It's not uncommon to see angry comments on some of our articles at TucsonWeekly.com. Strange and remarkably vitriolic moments pop up all the time, and generally die down relatively quickly.
However, it can be a little disconcerting when the comments section takes on a life of its own—which happened with a post on The Range that I wrote last weekend.
I probably should realize that I'm asking for it when I call anything "stupid," but I didn't suspect that calling out a minor movement by some churches to rebrand Halloween as "Jesus Ween" would spark 50 comments calling me anti-Christian. I am not offended—I feel like I know myself better than someone who saw the post on Yahoo! and pounded out a response in the midst of their fury—but it would be nice if people would take an extra minute to read the entire post before lashing out.
Really, I don't hate Christians. Although this whole incident makes me rethink that label a bit, I even actually consider myself one. I co-wrote a book that is sold in some Christian bookstores. I own Jars of Clay CDs that I enjoy.
I appreciate it when people comment on things I write, even when they disagree with me—and while I appreciate the invitation to examine my soul and turn my life over to Jesus, accusing me of persecuting a faith probably isn't the best way to start that conversation.
The week on The Range
We followed Congresswoman Gabrielle Giffords' visit to Washington, D.C., for the retirement ceremony of her husband, Mark Kelly; noted that Tucson City Councilman Steve Kozachik was getting increasingly testy with the Rio Nuevo board; watched Sen. John McCain condemn the Bush administration's torture of detainees; followed the fight over the drawing of the state's new political boundaries; pondered GOP presidential candidate Herman Cain's view that the folks occupying Wall Street should get themselves some jobs; were disappointed to learn that Sarah Palin was not running for president; and posted the latest edition of Arizona Illustrated's Political Roundtable, with your moderator, Jim Nintzel.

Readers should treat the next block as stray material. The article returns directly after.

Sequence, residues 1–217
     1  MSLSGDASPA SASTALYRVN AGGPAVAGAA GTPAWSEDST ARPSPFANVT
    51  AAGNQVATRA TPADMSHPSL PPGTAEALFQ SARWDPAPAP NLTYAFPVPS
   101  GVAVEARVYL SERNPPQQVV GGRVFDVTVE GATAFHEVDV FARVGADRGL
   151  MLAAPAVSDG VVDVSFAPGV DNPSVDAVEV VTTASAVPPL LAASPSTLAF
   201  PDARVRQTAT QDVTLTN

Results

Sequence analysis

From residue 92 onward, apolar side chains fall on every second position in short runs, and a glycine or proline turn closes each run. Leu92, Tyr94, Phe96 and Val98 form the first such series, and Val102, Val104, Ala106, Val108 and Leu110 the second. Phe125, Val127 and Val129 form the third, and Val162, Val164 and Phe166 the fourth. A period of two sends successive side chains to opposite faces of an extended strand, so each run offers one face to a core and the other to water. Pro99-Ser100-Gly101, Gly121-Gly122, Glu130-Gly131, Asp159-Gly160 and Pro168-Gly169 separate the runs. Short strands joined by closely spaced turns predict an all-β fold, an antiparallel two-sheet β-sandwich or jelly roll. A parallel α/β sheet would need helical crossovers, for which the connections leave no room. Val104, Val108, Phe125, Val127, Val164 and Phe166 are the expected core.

We reported that the Arizona Daily Star was shuffling around some beats; watched GOP candidates speak kindly about immigration—back in 1980, that is; saw a car get swallowed up by a giant sinkhole; got blinded by a haboob on Interstate 10; and noted that the feds were cracking down on California pot dispensaries.
We shared lots of great music; watched the Lariats perform at Hotel Congress during Fall Club Crawl®; gave you an advance look at the new Calexico box set; told you about the latest in Tucson bicycling news; urged you to adopt a cute dog; took another look at Biosphere 2; and learned how to make a cocktail;
We said goodbye to Steve Jobs; checked out the new iPhone; ignited a big fight over whether it makes sense to hand out Bibles to trick-or-treaters; introduced the new Tucson Weekly dating service; told you about Tiger Cub Pack 261's Operation Popcorn; enjoyed the latest episode of Community; discussed about Aquaman comics; and told you why we really hate the Internet sometimes.
Comment of the week
"Wow, Rialto ... all those dollars I donated to the renovation of this venue, and you choose not to offer us Juggalettes a little privacy by neglecting to include doors on the bathroom stalls."
—TucsonWeekly commenter "shame on you rialto" believes that Juggalettes should be given at least one moment of solitude ("Insane Clown Posse, Twiztid, Blaze," Tucson Weekly events listing, Oct. 8).
Best of WWW
This week's issue includes one of our Pride special sections, and since this year's Tucson Pride celebration was split over two weekends, we wanted to recap the highlight of the first weekend: the parade, which coincided with Second Saturdays Downtown. Tim Glass was at the event, and while you can see some of his photos in the Pride section, you can see more images in all their digital glory right here.
Also, Eric from Heroes and Villains gets to talk about a comic he actually likes this week (the ass-kicking revenge fantasy Luthor Strode), which might almost make up for the Aquaman debacle last week.